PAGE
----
With implementation:

fs::path prepend_exe_path(const std::string& filename, const std::string& exe_path)
    static auto exe_parent_path = fs::path(exe_path).parent_path();
    return exe_parent_path / filename;

And initialization trick in main():

(void) prepend_exe_path("", argv[0]);

Thanks @Sam Redway for the argv[0] idea. And of course, I understand that C++17 was not around for many years when the OP asked the question.

  • very clean. great answer
    – alle_meije
    Aug 25, 2021 at 12:10
  • 2
    Seems to work partially on Windows too (tested on PowerShell Core, Windows PowerShell, MinGW). Running from CMD, this prints a blank string.
    – brc-dd
    Sep 6, 2021 at 11:00

Just to belatedly pile on here,...

there is no standard solution, because the languages are agnostic of underlying file systems, so as others have said, the concept of a directory based file system is outside the scope of the c / c++ languages.

on top of that, you want not the current working directory, but the directory the program is running in, which must take into account how the program got to where it is - ie was it spawned as a new process via a fork, etc. To get the directory a program is running in, as the solutions have demonstrated, requires that you get that information from the process control structures of the operating system in question, which is the only authority on this question. Thus, by definition, its an OS specific solution.

#include <windows.h>
using namespace std;

// The directory path returned by native GetCurrentDirectory() no end backslash
string getCurrentDirectoryOnWindows()
    const unsigned long maxDir = 260;
    char currentDir[maxDir];
    GetCurrentDirectory(maxDir, currentDir);
    return string(currentDir);
  • The question did not ask for the current directory. Oct 26 at 23:29

Works with starting from C++11, using experimental filesystem, and C++14-C++17 as well using official filesystem.


#pragma once

// https://en.cppreference.com/w/User:D41D8CD98F/feature_testing_macros
#ifdef __cpp_lib_filesystem
#include <filesystem>
#include <experimental/filesystem>

namespace std {
    namespace filesystem = experimental::filesystem;

std::filesystem::path getexepath();


#include "application.h"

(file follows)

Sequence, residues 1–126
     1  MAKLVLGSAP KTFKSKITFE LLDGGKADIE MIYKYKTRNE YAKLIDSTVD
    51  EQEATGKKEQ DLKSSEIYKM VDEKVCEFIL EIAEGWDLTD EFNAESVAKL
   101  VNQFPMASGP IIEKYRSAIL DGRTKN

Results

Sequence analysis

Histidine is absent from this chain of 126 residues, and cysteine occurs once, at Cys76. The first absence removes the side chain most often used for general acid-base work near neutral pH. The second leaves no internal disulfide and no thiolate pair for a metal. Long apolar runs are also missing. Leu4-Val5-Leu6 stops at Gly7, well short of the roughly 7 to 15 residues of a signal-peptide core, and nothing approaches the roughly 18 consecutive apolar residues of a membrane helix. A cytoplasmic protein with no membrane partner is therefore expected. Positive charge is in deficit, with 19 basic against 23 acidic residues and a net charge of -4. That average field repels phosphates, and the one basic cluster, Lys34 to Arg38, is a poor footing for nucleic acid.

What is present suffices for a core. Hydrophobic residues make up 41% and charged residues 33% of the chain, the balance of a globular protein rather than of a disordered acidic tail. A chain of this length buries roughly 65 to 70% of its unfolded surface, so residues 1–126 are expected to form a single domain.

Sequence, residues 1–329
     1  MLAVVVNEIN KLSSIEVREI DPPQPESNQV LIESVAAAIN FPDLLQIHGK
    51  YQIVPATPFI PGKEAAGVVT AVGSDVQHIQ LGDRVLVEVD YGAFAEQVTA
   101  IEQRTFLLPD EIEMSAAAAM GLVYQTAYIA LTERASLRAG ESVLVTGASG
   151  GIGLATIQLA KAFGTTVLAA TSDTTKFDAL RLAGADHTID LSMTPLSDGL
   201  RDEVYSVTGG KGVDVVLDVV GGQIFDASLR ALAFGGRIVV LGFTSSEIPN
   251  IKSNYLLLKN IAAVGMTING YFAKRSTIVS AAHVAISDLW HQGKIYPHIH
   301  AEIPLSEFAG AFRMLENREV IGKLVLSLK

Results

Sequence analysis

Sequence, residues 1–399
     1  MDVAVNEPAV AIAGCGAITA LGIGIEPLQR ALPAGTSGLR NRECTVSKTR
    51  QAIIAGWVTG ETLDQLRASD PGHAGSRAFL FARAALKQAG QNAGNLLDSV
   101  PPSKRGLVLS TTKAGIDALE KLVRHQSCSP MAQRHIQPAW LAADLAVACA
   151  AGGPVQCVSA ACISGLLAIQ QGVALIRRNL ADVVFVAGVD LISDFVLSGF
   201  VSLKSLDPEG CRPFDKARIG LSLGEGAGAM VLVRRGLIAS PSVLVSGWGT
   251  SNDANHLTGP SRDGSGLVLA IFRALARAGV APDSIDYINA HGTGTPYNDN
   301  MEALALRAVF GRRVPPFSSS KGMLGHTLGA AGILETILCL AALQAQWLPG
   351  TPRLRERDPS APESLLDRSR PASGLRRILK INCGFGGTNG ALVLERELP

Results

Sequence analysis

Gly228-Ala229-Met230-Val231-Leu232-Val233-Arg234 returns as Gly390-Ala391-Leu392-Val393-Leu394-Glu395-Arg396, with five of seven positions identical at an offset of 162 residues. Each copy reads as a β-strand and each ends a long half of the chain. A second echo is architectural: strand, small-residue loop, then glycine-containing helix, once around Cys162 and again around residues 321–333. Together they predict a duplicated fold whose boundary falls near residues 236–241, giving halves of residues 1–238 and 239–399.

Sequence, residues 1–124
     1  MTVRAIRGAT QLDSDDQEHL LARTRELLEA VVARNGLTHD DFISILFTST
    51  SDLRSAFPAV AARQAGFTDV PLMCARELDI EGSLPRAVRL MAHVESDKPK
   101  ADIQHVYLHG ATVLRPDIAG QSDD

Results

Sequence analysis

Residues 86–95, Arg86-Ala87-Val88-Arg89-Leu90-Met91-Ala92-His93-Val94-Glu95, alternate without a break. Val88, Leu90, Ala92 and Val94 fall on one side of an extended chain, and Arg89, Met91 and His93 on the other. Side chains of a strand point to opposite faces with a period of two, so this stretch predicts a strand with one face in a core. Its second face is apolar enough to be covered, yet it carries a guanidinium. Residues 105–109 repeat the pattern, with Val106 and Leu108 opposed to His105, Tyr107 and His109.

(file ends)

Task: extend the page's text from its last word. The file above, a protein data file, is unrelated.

#ifdef _WIN32
#include <windows.h>    //GetModuleFileNameW
#include <limits.h>
#include <unistd.h>     //readlink

std::filesystem::path getexepath()
#ifdef _WIN32
    wchar_t path[MAX_PATH] = { 0 };
    GetModuleFileNameW(NULL, path, MAX_PATH);
    return path;
    char result[PATH_MAX];
    ssize_t count = readlink("/proc/self/exe", result, PATH_MAX);
    return std::string(result, (count > 0) ? count : 0);
  • 1
    Nice answer, but it is undefined behavior to add declarations or definitions to namespace std. To avoid this, you can add both the namespaces std::filesystem and std::experimental::filesystem to a third namespace of your choice, or just use using std::filesystem::path, if you don't mind adding the declaration of path to the global namespace. Jun 10, 2019 at 12:41
  • I guess after C++14 experimental::filesystem is not used anymore, so you can just forget about this ? (goes into first #if branch) Jun 10, 2019 at 13:50

For Windows system at console you can use system(dir) command. And console gives you information about directory and etc. Read about the dir command at cmd. But for Unix-like systems, I don't know... If this command is run, read bash command. ls does not display directory...


int main()
    system("pause"); //this wait for Enter-key-press;
    return 0;

For relative paths, here's what I did. I am aware of the age of this question, I simply want to contribute a simpler answer that works in the majority of cases:

Say you have a path like this:


For some reason, Linux-built executables made in eclipse work fine with this. However, windows gets very confused if given a path like this to work with!

As stated above there are several ways to get the current path to the executable, but the easiest way I find works a charm in the majority of cases is appending this to the FRONT of your path:


Just adding "./" should get you sorted! :) Then you can start loading from whatever directory you wish, so long as it is with the executable itself.

EDIT: This won't work if you try to launch the executable from code::blocks if that's the development environment being used, as for some reason, code::blocks doesn't load stuff right... :D

EDIT2: Some new things I have found is that if you specify a static path like this one in your code (Assuming Example.data is something you need to load):